On 2 August 2018, Jason Furman’s “Work Requirements Hurt Poor Families—and Won’t Work” appeared in the online Wall Street Journal. In the article, Furman notes the current sociopolitical forces that prompt attention to continued unemployment and asserts that proposals to increase work requirements for government benefits such as food stamps are likely to be counterproductive. He goes on to offer context for the food stamp program and its recipients before noting specific problems with increases in work requirements. Kentucky’s pending motions toward such increases serve as a case study for such problems; the National Evaluation of Welfare-to-Work Strategies is also referenced as pointing out that work requirements are ineffective. Effective solutions to the current problem of lingering unemployment are then noted, and a statement of need precedes a closing return to Furman’s thesis.
Some things about the article attract attention. The stated status of the author is one. While no few former presidential advisors assume academic positions, Furman’s reported title of “professor of practice” seems somewhat odd. Most such positions I’ve seen are somewhat glorified adjunct roles, offering nominal dignity (much like the visiting professorships I’ve had and hold) and an affiliation, but little if any institutional power and far less security than an unadorned–thus, “more important”–professorship. Admittedly, given his earlier White House role, Furman is not likely to need a “more powerful” academic job, but it still seems unusual for him to have so relatively minor a post (and the relative nature of it matters, to be sure).
Unusual, too, is the suggestion, even if one “not ready to become law today,” of federal employment. There are ways in which employment by the state to draw support from the state is a sensible idea; if it is assumed that people should work to be able to live, and if a government actually believes that people should be able to live, then governmental work programs ought necessarily to follow. And the results of such programs can still be seen. For example, in that long-ago time when I did my student teaching, I did so in a building built by the FDR-era Civilian Conservation Corps; it is a beautiful building, richly detailed if not maintained so well as it deserves, and still teaches no few students. Other such edifices are ready to be found, still standing proudly after so many years–and if such things might not be built again, there are still roads that need fixing and bridges, and the things put up by past generations could be made strong and whole again.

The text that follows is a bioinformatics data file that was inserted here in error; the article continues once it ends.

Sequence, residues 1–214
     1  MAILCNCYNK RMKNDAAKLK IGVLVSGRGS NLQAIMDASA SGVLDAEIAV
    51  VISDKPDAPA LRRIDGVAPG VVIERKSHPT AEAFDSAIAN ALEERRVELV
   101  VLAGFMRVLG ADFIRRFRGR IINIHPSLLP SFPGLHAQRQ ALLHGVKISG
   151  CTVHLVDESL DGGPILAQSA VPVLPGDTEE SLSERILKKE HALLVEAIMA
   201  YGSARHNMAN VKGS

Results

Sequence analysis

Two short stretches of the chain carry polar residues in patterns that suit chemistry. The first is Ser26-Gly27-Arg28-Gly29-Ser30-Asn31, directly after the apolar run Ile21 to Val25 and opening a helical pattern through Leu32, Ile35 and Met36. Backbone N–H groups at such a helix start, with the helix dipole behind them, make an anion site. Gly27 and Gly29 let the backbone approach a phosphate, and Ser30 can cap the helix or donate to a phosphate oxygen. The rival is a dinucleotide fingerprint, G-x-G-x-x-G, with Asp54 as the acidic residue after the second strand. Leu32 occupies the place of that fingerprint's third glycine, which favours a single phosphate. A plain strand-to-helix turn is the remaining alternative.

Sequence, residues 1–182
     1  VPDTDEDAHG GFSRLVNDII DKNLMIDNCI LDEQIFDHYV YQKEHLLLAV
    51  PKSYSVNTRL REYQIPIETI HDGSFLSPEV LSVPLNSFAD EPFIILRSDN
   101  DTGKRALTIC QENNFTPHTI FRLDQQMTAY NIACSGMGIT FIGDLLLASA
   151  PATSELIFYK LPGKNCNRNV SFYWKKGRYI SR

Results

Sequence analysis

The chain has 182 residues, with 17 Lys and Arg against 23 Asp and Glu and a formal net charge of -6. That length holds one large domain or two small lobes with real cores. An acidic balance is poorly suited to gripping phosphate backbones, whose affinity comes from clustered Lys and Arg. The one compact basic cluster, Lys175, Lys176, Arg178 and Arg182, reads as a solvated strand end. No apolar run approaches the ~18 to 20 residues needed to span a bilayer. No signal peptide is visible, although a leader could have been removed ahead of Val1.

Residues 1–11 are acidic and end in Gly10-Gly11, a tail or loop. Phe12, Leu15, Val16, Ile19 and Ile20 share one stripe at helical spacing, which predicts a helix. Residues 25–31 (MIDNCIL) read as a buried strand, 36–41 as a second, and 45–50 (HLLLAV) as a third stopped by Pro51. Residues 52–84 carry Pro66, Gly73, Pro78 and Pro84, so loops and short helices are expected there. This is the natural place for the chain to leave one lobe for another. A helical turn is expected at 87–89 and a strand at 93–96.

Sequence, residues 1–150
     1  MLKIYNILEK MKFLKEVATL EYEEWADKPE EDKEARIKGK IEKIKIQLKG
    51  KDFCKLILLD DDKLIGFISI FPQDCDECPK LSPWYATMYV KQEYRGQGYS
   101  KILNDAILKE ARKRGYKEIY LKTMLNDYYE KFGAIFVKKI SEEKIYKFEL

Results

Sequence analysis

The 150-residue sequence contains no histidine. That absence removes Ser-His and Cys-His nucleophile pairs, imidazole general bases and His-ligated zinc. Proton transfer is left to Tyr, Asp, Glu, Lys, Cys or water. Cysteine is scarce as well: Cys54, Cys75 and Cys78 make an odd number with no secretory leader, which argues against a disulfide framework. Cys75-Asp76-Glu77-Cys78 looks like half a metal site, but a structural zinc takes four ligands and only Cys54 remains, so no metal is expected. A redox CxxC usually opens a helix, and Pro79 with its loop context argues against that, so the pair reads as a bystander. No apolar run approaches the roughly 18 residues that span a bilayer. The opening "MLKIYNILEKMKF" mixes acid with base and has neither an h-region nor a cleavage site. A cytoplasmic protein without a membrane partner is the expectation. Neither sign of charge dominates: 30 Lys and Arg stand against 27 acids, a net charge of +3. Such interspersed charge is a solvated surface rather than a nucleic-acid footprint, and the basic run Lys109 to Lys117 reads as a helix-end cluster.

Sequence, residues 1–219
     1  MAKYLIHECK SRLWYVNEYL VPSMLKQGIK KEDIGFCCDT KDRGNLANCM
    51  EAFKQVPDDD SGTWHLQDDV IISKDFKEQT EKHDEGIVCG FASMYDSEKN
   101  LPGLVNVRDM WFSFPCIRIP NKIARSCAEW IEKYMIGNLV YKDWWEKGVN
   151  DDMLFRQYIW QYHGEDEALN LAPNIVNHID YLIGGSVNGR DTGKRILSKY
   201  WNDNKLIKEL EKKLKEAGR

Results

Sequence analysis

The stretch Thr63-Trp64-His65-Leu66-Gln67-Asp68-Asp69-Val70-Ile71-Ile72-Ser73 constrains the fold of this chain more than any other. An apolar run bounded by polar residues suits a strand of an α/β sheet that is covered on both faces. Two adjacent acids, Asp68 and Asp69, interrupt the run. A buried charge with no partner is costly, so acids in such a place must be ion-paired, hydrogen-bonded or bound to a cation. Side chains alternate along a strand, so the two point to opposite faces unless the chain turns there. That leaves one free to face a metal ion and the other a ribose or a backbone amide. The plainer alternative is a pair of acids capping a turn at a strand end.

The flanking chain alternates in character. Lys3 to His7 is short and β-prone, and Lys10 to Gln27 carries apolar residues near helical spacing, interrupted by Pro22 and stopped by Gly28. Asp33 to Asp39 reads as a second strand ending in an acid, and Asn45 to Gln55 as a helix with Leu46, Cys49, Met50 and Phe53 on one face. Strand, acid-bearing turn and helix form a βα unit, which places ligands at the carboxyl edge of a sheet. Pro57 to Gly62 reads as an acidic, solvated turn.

But that the idea might be good does not mean that it is the way to address the issue towards which it might well be directed. For the idea that those who cannot find work should be penalized for the unwillingness of employers to hire them is ludicrous–and it is not necessarily dependent on the qualifications of those not in reliable work. I spent quite a while looking for work, sending out applications and resumes by the score, looking for work in entry-level and other jobs (about which more here), and I could not get hired. I hold a terminal degree; I am eminently qualified to do any number of jobs, and I am not too proud to do them, and I could not get hired. Is it any surprise that those less credentialed would struggle with something entirely beyond their control? Should they then be punished for it? Is not the simple fact of being poor in the United States rebuke enough?